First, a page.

Fishing Lake Outlet

oil on canvas 7 x 9 in.          Sold

23 May 2015 found me anchored in our canoe 'Fairhaven Bay,' at the outlet arm of Fishing Lake, northwest of Battersea, Ontario. This is the granite-walled outlet channel of a narrow, 2 kilometre long clearwater lake in mixed forest, and I'm painting the narrows looking out toward the lake. 

As I sit quietly in the stern, stroking oil paint on my
canvas, a slight movement catches my eye. Just above, on the steep forested bank, a Whitetail Deer stands watching me. As I carefully reach for my camera it snorts explosively and wheels, leaping uphill through the trees and out of sight.

After sharing supper in the canoe - chunks of stiff oatmeal made up with wild Salsify and cheese - Fred goes over the hill through mixed Oak woods to a shore so abrupt that Common Juniper shrubs spread 2 metres out over the water from cracks in the rock. He then discovers what he's looking for in one of the Muskrat shell piles that we've been finding all around the steep shores of the lake (this one along a granite ledge) - the pearly gleam of fresh shells in half a metre of water. 

He takes his rock rake and dredges up the shells mixed with White Pine needles and Pondweed. A Dragonfly nymph crawls out of the sample, and a big Ostrich Fern rhizome comes up too, but the pile is mostly Unionid mussel shells of four species, including 8 shells of the rare Ligumia nasuta - five pairs and three single valves, all fairly fresh. Of the other species, Eastern Elliptio is most abundant, with one pair of Eastern Lamp-Mussel and 15 very thin, fractured Floater shells.

There are also snails: 19 Banded Mystery Snail, fresh, but almost all with the body whorl bitten by Muskrats, a single not-mature shell of Bell-mouth Ramshorn, along with little Planorbidae similar to Gyraulus; and the prize of prizes..... a single 17.8 mm  Acella haldemani (Slender Pond Snail), the first we have ever collected of this astonishingly rare species!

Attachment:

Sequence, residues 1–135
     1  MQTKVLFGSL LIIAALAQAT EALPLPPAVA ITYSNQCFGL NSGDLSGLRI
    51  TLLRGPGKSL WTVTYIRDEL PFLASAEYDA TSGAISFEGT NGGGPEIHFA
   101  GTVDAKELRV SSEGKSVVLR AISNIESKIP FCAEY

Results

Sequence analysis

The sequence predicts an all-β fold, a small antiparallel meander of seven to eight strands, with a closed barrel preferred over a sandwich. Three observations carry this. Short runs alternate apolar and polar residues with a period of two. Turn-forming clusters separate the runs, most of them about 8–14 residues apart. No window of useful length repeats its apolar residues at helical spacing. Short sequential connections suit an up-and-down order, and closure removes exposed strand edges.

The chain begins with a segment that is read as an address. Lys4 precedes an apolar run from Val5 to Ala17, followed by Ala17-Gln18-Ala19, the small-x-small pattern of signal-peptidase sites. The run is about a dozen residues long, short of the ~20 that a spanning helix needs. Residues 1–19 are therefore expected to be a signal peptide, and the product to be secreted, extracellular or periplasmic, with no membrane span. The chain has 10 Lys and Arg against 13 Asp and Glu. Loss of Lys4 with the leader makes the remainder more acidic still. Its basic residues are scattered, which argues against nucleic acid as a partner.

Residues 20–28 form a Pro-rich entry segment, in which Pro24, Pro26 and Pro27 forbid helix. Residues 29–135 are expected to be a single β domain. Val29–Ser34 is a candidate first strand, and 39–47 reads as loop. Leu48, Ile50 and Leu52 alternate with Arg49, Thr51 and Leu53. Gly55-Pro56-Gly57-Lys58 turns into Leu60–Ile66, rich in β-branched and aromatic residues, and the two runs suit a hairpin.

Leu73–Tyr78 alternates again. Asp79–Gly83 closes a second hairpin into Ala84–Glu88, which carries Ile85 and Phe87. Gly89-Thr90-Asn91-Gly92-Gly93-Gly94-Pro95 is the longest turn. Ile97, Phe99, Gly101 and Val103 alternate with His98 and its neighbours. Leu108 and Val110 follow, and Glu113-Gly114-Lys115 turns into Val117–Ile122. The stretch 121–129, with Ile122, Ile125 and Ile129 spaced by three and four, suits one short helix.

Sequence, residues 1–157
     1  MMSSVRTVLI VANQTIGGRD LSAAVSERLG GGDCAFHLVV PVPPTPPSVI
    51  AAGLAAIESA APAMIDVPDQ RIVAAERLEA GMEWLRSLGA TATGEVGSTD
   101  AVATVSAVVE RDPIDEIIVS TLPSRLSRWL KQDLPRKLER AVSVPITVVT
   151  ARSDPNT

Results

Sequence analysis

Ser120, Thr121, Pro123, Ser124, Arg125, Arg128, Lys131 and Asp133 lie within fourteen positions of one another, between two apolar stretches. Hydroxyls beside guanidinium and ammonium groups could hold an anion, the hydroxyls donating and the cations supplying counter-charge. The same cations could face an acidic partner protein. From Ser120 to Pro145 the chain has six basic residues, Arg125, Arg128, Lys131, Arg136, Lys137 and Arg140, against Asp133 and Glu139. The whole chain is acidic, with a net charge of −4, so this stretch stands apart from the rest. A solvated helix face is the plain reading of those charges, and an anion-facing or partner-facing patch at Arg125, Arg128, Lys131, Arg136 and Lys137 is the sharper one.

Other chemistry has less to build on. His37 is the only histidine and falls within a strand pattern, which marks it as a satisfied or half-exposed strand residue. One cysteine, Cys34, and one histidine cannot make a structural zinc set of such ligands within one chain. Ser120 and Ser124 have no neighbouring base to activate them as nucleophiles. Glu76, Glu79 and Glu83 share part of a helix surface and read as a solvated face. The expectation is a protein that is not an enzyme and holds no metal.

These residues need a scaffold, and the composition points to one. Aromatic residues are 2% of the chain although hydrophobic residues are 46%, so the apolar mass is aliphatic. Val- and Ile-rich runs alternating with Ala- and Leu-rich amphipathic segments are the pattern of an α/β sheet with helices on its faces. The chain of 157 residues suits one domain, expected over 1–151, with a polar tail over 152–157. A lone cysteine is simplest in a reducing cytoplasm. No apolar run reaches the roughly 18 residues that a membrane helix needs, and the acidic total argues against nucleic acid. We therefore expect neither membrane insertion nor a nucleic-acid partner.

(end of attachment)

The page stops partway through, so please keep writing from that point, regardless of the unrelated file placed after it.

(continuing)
A hundred metres further on there's another Muskrat pile with a similar mix of shells (though no Acella) and he notes a small single Moccasin Flower orchid in bloom on shore - but it's getting late, so he heads back towards me as dusk falls and I desperately daub sunset colour between the branches of the Maple.

We chain the canoe to a tree up on the bank, and at 21:04 as we're leaving, there's a Whippoorwill calling. We drive past 2 more calling to the west before we get the GPS working. On the way back to our accommodations at the Queens University Biological Station at Elbow Lake, we hear several more Whippoorwills. It's as if all's well with the world - at least in this haven of biodiversity, "the Frontenac Arch", the long spur of Canadian Shield that stretches southeast between Algonquin Park and the Adirondacs... and today, on our 42nd wedding anniversary, we've added two very rare species to the known biodiversity of the Arch.


  1. I like this one a lot Aleta... solid composition that leads the eye deep past the foreground. Nice!

  2. Thanks, Phil - I'm honoured that you see it as a success! It is nice to have been able to commemorate such a momentous day with a good painting :)


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